I could have included this in the previous section, but I'm more stoked on these than I am the brand new pokémon overall... so it definitely needed its own section. In Alola, pokémon have adapted to the various habitats differently and have different appearances, types, and abilities than they have elsewhere. Like Megas in XYORAS, I think this will add an air of freshness to older pokémon. Of course, the nostalgia of seeing Red, Blue, and Yellow pokémon getting new formes may be part of it, but the science of it really intrigues me, personally. In the real world, this is very similar to how varieties and speciation actually occurs. It also means that in future regions could have regional variants too. That means there are already 721 existing pokémon that could be expanded on by adding regional formes, Megas, etc rather than always having to release brand new pokémon every game.
  4. Island Trials: It seems that Alola does not follow the traditional 8 Gym/Elite 4 scheme.
    Instead, each Island has a Trial Leader that sends you on a quest. The player completes the quest, battles a Totem (or Boss) pokémon, then has to battle the Island's Kahuna (or leader).
    Having Totem Pokémon guarding areas or causing problems that the player must solve creates situations like this... which is much more intimidating that some guy standing in a room just waiting for you to battle them.
    This is a very different system than every other main pokémon game, but I think it is time for something new. As much as I like Pokémon games, they are very formulaic. It's nice to see the formula getting jostled. I find the Totem pokémon interesting as well. In previous games pokémon are very passive. Sure they jump you for battles, but outside of that and the occasional attack from legendaries, they don't really interact with the world itself. Occasionally a pokémon may be standing around in the overworld, but now we have pokémon that guard areas and must be defeated to move on. They also have special buffs, call for support, all of the sorts of things you would expect of a boss.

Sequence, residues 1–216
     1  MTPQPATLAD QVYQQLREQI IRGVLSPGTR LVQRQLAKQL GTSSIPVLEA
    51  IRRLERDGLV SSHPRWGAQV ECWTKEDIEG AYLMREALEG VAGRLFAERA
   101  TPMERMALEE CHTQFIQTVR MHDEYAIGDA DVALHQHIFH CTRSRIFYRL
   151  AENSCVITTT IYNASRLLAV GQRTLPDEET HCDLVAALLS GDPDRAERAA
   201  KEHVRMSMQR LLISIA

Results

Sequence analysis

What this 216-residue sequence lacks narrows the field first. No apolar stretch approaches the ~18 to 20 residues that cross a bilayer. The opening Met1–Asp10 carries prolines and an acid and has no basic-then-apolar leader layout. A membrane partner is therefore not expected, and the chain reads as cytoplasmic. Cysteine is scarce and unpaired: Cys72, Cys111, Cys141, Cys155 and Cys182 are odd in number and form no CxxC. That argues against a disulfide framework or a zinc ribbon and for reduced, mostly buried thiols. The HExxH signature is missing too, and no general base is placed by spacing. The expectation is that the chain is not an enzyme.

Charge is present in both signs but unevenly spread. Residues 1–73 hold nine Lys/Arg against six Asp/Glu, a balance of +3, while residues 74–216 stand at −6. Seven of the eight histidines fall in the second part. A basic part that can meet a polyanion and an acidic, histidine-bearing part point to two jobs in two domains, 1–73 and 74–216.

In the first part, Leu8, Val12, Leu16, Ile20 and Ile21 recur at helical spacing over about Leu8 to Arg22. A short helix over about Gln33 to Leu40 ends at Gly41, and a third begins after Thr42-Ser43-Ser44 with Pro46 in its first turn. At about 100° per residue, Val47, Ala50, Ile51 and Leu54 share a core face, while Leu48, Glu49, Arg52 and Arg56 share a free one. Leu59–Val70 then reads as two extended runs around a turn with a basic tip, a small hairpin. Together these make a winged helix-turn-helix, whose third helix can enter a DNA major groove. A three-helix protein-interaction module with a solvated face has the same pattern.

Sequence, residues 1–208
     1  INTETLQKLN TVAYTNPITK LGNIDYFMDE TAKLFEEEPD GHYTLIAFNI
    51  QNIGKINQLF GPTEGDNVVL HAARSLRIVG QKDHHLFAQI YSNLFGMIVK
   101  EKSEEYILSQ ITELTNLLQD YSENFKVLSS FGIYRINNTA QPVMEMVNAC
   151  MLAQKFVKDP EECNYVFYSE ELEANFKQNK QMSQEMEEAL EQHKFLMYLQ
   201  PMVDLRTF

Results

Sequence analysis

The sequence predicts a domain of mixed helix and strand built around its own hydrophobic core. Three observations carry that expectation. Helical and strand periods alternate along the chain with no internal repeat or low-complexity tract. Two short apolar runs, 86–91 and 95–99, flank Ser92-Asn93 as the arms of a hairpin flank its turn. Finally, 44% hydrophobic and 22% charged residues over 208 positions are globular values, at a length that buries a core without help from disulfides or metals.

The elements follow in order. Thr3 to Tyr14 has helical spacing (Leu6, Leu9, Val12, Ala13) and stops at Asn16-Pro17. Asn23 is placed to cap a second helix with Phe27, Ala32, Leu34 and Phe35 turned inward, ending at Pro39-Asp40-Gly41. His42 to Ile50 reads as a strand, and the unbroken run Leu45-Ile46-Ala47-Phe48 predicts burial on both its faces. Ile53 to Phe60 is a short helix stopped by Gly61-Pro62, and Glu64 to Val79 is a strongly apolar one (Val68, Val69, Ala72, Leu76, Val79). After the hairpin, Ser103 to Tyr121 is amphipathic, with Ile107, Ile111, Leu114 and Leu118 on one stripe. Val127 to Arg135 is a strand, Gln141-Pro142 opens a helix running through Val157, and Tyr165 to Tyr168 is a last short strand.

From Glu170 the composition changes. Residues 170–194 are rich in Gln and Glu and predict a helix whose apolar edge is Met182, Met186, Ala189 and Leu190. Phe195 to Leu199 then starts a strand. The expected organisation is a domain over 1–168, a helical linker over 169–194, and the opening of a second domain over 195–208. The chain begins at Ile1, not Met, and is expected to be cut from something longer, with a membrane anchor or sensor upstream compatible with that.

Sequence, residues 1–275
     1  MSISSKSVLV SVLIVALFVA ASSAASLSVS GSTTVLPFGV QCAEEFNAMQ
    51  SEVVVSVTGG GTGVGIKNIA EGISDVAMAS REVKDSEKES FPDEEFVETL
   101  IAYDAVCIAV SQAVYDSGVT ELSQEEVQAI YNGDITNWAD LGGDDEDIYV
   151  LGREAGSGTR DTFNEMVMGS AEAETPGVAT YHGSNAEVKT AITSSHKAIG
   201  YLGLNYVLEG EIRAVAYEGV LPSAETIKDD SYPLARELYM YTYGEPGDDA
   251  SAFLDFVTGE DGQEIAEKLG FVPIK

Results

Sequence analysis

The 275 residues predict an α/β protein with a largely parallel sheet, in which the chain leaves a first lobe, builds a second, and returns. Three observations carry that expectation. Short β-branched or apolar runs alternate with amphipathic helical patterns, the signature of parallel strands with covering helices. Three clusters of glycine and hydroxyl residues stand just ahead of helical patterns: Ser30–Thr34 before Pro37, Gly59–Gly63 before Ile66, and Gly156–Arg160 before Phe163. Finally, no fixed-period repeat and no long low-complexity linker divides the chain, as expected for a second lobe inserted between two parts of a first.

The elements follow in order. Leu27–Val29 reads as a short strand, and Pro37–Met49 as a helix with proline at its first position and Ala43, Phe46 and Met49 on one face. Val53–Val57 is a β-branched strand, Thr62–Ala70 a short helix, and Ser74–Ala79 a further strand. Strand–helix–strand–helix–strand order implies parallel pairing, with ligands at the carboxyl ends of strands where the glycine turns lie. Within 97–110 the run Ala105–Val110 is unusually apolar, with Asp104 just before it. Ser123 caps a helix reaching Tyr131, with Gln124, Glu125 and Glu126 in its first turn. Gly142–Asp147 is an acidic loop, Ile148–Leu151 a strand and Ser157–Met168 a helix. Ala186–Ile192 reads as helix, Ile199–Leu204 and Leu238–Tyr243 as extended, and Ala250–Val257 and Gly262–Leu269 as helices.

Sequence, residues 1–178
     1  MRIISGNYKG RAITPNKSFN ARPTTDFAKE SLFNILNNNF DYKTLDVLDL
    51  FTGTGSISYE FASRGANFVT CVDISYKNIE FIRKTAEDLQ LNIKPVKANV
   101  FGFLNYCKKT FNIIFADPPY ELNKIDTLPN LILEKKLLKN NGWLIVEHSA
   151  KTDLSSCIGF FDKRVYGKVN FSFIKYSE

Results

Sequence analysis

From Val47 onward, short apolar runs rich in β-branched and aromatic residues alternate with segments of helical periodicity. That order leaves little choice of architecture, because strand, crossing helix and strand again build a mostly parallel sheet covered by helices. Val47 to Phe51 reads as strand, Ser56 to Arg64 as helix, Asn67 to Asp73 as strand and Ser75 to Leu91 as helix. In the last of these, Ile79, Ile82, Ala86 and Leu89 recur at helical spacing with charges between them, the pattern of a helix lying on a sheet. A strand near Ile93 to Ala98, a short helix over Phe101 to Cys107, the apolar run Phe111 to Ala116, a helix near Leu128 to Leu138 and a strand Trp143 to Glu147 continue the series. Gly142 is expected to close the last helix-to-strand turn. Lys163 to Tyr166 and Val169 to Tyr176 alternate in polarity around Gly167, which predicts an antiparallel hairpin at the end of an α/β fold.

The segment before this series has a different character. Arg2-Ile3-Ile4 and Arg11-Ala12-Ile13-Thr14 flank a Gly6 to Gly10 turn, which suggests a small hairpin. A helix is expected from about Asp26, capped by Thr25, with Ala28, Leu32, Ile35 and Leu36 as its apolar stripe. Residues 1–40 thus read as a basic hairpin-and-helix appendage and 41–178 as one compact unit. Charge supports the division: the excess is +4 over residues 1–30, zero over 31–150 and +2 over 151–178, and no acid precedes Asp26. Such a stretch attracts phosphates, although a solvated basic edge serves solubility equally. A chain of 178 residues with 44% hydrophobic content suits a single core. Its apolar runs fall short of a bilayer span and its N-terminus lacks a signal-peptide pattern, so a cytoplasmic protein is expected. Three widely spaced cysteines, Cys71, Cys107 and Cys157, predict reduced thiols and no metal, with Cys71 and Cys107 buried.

5. Z-Moves: To be clear, I am not jazzed on Z-moves. I don't care for the name and I don't care for super moves in general. I was really excited for Megas when they were announced, but that was for a similar reason as Alola formes: refreshing older pokémon. Z-moves don't bring that sort of air to the games. That being said, they seem better handled than super moves in other games. You can only use one per match and only if you have the right crystals on yourself and your pokémon. I'm interested to learn how these work in relation to regular moves. Do they have a base power/accuracy or are they just OHKO moves? Why do some appear to just be linked to types while others are linked to certain species (ex: Snorium Z can only be used by Snorlax)? The plus side of these is that Pulverizing Pancake, Snorlax's Z-move, exists. It is the best new move I've seen introduced for Sun and Moon and you can see it in action here.
There's even more that Pokémon Sun and Moon have brought to the table. Battle Royal, a four player battle system, the Rotom PokéDex, a Pokémon Snap-esque mechanic, non-Chibi sprites in the overworld, etc. Regardless of some of my reservations, these games look to be some of the best pokémon games ever made.